US President Barack Obama speaks about the reopening of government following a shutdown in the State Dining Room of the White House in Washington, DC, October 17, 2013. (SAUL LOEB/AFP/Getty Images)
WASHINGTON (AP) - Sixteen days in October could change everything, or not much.
Will the government shutdown prove to be the turning point after three years of partisan skirmishing? Or was it just a halftime show to fire up the players?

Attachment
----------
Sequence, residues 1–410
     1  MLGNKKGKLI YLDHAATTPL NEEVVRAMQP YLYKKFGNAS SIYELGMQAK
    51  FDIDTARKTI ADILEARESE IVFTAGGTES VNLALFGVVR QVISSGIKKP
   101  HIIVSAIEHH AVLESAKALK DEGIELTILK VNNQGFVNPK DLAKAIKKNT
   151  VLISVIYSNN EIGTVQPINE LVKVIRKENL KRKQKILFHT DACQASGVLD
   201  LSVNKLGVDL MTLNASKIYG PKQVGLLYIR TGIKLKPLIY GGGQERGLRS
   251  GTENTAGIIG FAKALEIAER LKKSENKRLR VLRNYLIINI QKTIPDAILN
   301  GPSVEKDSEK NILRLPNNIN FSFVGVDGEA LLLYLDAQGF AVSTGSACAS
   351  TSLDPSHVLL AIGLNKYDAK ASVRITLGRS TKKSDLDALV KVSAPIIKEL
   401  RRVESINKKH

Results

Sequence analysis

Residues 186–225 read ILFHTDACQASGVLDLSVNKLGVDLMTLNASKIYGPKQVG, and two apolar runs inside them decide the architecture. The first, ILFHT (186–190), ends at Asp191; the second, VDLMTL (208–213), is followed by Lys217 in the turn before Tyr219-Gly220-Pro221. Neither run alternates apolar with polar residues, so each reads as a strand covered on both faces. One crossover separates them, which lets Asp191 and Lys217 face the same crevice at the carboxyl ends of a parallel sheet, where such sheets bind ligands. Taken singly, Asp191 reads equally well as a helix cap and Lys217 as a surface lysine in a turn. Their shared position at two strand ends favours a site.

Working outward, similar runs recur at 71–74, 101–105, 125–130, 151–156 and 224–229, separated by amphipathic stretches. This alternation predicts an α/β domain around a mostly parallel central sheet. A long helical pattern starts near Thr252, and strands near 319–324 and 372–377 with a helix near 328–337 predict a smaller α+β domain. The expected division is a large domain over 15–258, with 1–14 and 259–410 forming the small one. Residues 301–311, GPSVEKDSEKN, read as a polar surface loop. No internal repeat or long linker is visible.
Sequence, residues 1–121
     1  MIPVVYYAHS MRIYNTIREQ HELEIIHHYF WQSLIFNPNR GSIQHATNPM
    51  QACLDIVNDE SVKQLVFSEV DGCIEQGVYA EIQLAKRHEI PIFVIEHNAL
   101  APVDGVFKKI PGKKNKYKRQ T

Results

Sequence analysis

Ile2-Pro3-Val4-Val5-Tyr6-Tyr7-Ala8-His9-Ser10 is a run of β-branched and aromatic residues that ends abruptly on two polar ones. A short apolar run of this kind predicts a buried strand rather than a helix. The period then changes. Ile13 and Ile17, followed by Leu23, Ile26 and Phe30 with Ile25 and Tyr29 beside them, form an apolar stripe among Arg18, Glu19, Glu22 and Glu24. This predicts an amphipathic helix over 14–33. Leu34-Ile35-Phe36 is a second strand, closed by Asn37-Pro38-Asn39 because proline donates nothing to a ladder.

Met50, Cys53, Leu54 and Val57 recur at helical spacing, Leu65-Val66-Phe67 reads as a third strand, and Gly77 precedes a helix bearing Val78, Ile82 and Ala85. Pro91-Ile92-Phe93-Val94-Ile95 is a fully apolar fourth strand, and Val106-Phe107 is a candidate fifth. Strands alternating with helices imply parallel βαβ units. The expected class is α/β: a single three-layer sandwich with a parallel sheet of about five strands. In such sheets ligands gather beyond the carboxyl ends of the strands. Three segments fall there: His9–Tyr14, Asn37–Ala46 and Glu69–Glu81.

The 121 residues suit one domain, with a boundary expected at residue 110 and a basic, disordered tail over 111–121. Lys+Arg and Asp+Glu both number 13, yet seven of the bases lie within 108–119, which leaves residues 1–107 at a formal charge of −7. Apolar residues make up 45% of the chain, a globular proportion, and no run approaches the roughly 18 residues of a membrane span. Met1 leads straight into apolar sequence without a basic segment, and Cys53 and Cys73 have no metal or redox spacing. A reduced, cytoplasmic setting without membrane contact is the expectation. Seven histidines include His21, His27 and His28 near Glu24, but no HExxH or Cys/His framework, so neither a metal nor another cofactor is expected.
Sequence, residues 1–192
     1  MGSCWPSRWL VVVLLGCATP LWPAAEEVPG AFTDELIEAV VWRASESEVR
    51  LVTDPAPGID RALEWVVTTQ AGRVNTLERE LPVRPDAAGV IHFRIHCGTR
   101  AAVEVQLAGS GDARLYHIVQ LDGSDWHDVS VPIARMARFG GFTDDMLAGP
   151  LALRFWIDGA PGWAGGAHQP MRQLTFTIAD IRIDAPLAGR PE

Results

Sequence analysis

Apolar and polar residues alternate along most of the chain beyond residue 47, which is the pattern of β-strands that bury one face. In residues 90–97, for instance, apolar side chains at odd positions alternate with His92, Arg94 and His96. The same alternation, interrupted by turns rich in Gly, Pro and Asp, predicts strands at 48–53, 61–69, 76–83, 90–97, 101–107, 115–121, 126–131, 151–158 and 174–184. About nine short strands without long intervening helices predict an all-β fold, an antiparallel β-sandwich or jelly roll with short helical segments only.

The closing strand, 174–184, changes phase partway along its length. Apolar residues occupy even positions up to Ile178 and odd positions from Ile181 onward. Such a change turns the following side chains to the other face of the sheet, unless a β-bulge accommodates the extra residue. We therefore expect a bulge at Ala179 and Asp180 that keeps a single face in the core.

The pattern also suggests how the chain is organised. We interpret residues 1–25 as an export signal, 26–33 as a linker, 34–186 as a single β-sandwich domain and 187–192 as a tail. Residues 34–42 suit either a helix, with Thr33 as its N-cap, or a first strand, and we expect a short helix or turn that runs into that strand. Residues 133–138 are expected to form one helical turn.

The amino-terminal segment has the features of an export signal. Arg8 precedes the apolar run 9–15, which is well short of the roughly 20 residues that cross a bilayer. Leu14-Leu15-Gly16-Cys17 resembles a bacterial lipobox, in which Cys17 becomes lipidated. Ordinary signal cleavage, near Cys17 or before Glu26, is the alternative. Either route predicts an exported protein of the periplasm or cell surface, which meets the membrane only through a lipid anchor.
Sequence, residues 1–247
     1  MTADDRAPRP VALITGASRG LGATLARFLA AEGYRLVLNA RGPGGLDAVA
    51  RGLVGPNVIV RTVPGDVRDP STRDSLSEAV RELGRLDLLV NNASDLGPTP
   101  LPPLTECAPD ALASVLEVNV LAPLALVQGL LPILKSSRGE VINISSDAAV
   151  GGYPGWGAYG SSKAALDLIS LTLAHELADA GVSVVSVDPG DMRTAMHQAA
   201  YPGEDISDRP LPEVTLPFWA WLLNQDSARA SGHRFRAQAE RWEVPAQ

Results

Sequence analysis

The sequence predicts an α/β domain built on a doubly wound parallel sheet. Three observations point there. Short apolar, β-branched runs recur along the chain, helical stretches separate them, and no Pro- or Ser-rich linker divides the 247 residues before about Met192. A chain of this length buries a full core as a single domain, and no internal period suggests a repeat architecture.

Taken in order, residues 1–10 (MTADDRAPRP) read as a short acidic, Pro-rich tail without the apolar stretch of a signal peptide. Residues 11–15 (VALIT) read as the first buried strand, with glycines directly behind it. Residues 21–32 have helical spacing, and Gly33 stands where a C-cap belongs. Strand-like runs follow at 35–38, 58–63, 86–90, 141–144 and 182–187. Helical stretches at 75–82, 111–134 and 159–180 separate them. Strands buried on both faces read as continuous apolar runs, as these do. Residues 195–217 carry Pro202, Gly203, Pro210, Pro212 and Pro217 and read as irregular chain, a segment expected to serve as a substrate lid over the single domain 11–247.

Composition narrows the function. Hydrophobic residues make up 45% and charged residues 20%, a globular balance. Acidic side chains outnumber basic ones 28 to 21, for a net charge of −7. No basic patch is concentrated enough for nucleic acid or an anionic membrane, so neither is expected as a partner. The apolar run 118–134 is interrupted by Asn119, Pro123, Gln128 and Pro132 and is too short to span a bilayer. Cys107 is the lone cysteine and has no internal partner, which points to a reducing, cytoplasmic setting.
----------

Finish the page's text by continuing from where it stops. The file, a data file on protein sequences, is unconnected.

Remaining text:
With federal employees back at work, lawmakers are getting a chance to find a compromise on spending cuts and settle their vast differences.
If they fail, they risk a repeat shutdown in mid-January, followed a few weeks later by the recurring danger of the government defaulting on its debts.
Did Americans learn anything?
President Barack Obama says the shutdown demonstrated just how many things the government does to help people.
Conservatives saw the opposite lesson - that federal workers can disappear without being missed.
There's some evidence for both ideas.
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